The Quad is an informal multilateral grouping of India, the U.S., Australia, and Japan aimed at cooperation for a free and open Indo-Pacific region.
Origins and growth of the grouping:
- India took up large scale humanitarian and disaster relief work in the aftermath of the Indian Ocean tsunami in 2004. It helped its maritime neighbours: Sri Lanka, the Maldives and Indonesia. The other three naval powers of the region— the U.S., Australia and Japan also joined in the efforts. This marked an important moment in the coming together of the four countries that led to the birth of a new framework: the Quadrilateral or Quad.
- The then Japanese Prime Minister Shinzo Abe promoted the idea of an “arc of prosperity and freedom” that brought the Quad countries closer together in cooperation and collaboration.
- The dynamism between the member countries got an impetus with the 2007 Indo-U.S. Malabar Java exercise which saw participation from Japan, Australia and Singapore apart from India and the U.S.
- The Quad lost momentum post-2007 meeting and was only revived later in 2017 amid increasing assertiveness of China and revised assessments of the China challenge. Though regular meetings were taking place between leaders of the four countries, the meetings were termed the ‘India-Australia-Japan-U.S.’ dialogue and not referred to as a Quad dialogue to avoid the perception of it being a “gang-up” against China. The grouping thus far had failed to come up with an explicit set of objectives, areas of cooperation, and even the definition of Indo-Pacific.
- It was in March 2021 that the leaders met virtually, for the first time as an official Quad summit, releasing a set of objectives for the grouping called the ‘The Spirit of the Quad’ and outlined actionable goals, and formed expert working groups in multiple areas.
Objectives of the grouping:
- The realization of a free, open, rules-based order, rooted in international law and ensuring security and prosperity in the Indo-Pacific was the main objective of the grouping.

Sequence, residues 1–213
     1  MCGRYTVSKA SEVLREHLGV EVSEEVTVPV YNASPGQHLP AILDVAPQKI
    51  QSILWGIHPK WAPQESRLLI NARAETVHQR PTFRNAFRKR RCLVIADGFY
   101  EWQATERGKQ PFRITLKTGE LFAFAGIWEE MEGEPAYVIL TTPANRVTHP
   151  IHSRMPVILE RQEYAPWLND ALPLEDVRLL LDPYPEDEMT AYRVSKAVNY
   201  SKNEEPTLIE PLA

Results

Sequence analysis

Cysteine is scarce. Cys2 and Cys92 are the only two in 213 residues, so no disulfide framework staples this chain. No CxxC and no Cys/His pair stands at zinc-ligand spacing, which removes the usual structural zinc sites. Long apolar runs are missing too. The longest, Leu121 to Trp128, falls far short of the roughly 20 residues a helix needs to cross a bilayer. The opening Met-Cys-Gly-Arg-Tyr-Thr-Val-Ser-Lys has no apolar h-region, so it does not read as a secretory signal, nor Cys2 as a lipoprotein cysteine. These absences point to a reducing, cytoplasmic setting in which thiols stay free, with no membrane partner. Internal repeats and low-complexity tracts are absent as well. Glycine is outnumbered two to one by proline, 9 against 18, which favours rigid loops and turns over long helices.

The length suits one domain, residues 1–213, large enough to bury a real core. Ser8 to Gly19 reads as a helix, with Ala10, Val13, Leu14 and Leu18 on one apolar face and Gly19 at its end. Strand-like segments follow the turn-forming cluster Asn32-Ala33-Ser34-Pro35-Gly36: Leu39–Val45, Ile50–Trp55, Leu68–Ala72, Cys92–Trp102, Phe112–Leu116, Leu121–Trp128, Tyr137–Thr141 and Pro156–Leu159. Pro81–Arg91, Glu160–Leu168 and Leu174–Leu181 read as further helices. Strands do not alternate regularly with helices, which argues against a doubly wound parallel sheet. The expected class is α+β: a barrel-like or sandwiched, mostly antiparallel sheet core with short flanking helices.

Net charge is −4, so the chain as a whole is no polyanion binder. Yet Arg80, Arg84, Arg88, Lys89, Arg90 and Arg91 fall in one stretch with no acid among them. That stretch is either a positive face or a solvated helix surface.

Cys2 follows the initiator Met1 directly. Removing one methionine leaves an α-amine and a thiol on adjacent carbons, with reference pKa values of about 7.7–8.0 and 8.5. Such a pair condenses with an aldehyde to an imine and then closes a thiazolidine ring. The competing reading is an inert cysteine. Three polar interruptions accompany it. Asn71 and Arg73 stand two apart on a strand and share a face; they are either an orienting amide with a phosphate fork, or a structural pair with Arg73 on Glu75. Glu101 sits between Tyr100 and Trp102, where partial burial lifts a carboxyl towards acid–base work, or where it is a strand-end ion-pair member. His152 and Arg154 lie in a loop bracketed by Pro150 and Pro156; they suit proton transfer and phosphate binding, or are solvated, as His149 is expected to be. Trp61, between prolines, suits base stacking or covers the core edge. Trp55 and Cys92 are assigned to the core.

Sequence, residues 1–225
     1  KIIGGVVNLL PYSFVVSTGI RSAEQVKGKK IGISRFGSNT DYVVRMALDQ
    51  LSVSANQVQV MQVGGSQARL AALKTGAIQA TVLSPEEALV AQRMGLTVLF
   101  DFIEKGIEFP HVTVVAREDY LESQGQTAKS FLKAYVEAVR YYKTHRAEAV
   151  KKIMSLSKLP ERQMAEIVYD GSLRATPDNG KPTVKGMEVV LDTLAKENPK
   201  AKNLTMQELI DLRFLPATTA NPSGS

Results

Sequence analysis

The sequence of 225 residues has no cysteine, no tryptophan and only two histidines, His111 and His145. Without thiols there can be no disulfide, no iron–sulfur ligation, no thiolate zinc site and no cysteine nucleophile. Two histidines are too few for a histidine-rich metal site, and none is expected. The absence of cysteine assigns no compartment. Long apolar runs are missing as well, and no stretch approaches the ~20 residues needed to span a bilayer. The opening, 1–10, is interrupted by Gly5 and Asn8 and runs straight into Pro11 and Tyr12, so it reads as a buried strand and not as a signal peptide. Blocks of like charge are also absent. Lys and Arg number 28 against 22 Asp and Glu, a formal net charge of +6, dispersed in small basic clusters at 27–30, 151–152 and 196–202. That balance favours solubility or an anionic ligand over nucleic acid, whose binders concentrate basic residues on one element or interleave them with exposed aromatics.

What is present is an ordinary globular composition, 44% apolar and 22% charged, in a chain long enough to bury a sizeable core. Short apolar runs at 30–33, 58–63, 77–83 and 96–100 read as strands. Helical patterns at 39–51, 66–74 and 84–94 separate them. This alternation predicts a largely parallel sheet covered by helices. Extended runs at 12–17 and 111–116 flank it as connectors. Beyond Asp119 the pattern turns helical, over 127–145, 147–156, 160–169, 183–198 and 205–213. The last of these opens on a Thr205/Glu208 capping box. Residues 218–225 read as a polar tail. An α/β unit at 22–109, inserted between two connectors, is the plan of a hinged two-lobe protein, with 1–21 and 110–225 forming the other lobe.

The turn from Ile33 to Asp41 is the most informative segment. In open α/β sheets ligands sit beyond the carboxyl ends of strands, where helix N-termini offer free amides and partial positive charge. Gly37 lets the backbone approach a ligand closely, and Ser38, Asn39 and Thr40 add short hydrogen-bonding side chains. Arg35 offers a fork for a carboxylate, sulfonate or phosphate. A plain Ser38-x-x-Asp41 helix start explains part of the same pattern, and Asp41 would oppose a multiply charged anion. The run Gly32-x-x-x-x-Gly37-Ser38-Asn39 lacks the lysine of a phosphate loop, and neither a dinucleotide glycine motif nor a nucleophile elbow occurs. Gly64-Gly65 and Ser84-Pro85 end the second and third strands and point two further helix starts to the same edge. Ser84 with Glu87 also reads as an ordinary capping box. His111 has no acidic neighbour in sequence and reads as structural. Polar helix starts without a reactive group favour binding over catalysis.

- Though unstated, a major basis for the grouping is to check China’s growing influence in the Indo-Pacific region. This was evident in the emphasis laid on rule of law, territorial integrity, freedom of navigation and overflight, peaceful resolution of disputes, and democratic values. This was an indirect reference to China’s actions in the region.
Notable initiatives of the grouping:
- The grouping sought to strengthen equitable vaccine access for the Indo-Pacific, through the Quad Vaccine Initiative (QVI), which sought to manufacture and distribute at least a billion COVID-19 vaccines for the Asia region by the end of 2022.
- In the domain of emerging and critical technologies, the four countries aimed to work on the development of 5G telecommunications with an emphasis on diversification. They also aimed at the creation of supply chains for critical minerals and technologies for making semiconductors used in smartphones. Notably, China has been a leader in these areas.
- Quad nations have agreed to build joint connectivity projects and transparent infrastructure funding for countries in the region. This is aimed to counter China and its Belt and Road Initiative (BRI).
- The Quad has also created a working group for climate action with a major focus on fostering green shipping by decarbonising maritime supply chains and promoting the use of clean hydrogen.
Future of the Quad:
- The ongoing Russia-Ukraine crisis has triggered geopolitical shifts. Notably, India is the only member of the Quad that has not imposed sanctions against Russia and has in fact ramped up its intake of Russian oil.
- The newly unveiled ‘Indo-Pacific Economic Framework’ (IPEF) offers an opportunity to bind the countries in closer economic cooperation.
At the ongoing meeting, Quad members have also launched a maritime monitoring plan to curb illegal fishing in the Indo-Pacific. This seems to be directed at countering illegal and unsustainable fishing practices of the Chinese in the region.